Who writes the majority of the tunes in the band?
Lyrically, John carries that burden, with some collaborations; I've contributed a bunch. But the writing is open now. I think it's like split right down the middle. When we did our last writing session we did like 15 days, and each day, each person would present a song, and so, by the end we had 15 new songs. Boom, boom, boom, boom (points around the room at various spots or band members). It worked out well. It kind of alleviates the burden of having one person do all the writing, and plus, it makes for an interesting variation.
I didn't realize you guys cover 'The Devil Went Down to Georgia.' Do you do that one a lot?
Sometimes. Tonight we just thought we'd infuse it in, because everyone was just kinda, you know (lackadaisically bobbing his head). We added that last minute. It's a fun one.
Can you describe the feeling of playing in front of a sea of people, and everybody is getting really into it?
It's weird because different places have different vibes. This summer we did some huge shows, like festival things. It's fun. Energy-wise you come out and see all those people and you're like aaaaahhhh! (nervous yell). But you try to carry the same amount of energy to smaller places. What's funny is that sometimes a small club will be packed, and you give all this energy and it all just comes right back to you. But sometimes you're outside, and some of the noise and all that, and you look around and half of the people are going nuts, but the other half are sitting and watching you. You got to try to manufacture as much energy as you can.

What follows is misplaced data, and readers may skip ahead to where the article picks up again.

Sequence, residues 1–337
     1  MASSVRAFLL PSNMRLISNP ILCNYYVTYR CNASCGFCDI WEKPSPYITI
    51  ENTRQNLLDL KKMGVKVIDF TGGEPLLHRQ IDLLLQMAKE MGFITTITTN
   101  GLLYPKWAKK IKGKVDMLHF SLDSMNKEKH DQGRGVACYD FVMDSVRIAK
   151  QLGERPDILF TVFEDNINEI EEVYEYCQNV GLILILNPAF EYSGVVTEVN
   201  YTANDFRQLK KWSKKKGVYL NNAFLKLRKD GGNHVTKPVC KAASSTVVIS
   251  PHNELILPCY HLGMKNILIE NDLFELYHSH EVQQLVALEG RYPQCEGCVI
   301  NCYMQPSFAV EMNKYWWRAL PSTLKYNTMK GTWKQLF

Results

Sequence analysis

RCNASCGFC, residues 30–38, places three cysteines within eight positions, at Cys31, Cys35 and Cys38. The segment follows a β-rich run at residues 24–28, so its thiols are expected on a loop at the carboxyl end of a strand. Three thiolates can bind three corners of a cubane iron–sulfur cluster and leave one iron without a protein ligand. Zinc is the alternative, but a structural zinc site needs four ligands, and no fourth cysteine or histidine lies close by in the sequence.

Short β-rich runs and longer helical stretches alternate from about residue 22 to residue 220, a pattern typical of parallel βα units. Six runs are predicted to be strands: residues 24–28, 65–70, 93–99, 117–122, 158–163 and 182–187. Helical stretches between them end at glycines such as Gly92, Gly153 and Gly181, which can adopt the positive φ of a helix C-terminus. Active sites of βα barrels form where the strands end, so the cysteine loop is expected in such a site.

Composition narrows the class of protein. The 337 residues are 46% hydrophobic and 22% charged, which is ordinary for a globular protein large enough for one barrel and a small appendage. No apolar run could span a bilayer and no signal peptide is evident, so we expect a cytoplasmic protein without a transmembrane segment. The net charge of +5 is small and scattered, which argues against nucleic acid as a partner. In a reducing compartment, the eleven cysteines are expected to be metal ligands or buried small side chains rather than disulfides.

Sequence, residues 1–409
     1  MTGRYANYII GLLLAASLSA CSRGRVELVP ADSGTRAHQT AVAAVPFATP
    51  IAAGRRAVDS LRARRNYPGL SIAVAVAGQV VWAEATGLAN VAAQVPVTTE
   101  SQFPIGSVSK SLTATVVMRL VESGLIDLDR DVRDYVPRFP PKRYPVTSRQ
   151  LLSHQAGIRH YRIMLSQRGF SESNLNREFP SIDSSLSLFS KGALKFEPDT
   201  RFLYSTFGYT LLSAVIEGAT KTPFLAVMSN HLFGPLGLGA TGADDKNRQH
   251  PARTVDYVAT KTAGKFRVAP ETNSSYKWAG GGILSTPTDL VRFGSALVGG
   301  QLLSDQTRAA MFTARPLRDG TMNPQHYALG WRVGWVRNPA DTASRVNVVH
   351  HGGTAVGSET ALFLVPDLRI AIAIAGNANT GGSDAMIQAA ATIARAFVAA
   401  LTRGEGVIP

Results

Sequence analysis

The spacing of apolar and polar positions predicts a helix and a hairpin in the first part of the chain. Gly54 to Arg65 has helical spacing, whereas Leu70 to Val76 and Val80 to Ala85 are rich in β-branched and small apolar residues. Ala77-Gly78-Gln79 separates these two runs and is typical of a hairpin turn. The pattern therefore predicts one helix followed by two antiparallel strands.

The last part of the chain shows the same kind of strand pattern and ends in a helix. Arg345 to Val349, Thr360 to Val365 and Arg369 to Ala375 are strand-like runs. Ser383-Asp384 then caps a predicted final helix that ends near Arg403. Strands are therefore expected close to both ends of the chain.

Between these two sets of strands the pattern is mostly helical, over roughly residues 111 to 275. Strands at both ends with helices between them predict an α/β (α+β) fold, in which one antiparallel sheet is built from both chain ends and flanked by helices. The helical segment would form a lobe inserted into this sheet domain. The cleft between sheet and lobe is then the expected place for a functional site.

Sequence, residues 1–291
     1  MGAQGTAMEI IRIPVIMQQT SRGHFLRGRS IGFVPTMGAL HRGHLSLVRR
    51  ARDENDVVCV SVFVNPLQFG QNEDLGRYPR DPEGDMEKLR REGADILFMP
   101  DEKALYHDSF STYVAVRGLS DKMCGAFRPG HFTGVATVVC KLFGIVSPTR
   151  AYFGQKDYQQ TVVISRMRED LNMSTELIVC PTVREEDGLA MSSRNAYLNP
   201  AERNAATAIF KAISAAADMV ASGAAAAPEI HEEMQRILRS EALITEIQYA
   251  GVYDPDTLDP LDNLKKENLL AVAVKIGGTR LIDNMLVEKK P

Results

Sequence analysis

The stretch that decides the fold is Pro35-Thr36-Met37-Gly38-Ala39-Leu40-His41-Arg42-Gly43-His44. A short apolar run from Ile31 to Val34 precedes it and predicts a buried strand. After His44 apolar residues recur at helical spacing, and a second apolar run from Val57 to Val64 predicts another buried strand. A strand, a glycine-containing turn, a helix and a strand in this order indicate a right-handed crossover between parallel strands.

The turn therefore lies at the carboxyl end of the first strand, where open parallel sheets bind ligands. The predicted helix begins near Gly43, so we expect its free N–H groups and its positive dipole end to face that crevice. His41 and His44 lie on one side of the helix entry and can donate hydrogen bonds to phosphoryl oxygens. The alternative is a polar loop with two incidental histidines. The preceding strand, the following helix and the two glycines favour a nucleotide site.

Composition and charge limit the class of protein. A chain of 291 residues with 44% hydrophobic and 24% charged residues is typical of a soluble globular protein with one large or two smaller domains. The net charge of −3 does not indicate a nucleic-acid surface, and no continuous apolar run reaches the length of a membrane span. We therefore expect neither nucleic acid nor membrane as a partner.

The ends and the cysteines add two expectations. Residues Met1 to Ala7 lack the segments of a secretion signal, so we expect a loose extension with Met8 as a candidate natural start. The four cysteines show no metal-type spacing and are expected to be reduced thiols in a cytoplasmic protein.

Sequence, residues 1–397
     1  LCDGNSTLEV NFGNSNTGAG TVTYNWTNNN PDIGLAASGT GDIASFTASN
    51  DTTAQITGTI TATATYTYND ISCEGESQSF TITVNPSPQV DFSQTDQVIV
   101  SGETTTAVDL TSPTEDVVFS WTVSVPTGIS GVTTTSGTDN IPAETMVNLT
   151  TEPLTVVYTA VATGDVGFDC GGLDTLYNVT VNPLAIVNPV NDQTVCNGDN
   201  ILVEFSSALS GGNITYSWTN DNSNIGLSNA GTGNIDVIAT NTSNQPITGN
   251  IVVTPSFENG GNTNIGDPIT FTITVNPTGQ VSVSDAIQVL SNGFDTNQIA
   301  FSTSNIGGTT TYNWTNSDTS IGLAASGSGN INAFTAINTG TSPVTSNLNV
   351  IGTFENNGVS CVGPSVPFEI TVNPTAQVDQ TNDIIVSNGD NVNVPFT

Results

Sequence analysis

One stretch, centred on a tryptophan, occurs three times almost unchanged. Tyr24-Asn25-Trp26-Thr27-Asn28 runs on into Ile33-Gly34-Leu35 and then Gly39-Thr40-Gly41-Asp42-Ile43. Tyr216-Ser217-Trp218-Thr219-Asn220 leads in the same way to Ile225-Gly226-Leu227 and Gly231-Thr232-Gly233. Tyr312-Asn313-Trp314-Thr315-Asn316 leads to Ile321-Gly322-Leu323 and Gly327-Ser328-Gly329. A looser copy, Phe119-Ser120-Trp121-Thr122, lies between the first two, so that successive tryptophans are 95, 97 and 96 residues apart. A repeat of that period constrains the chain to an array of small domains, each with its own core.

What's the best part of being a rock star?
(Keyboardist Ben Wilson, interjects) Hanging out with me. (Laughs).
Tad: That's his answer.
And the best part for you is hanging out with Tad?
Ben: No, for me the best part is still hanging out with me. (Laughs)
Tad: I think the best part is traveling on the bus. Prior to all this, you know, you were traveling in a van. You were staying in your extended Dodge van, and sleeping in the back seat. Being in the bus really changes your whole tour. You just travel, you're comfortable, you can do stuff on it.
Does it ever get old?
For me, it's still too new to get old. I'm just always excited. I don't think it will ever get that way.
What's the worst part of your job?
It's different hours. It's definitely a kind of person that can handle it. It's not always as kind as you may think. You play here tonight, we could be playing in Connecticut tomorrow, or we could be playing in Georgia tomorrow. You do it. Or you could fly to Vegas, then come back to the west coast and do three in a row. Sometimes you don't get sleep, but that's a small price to pay.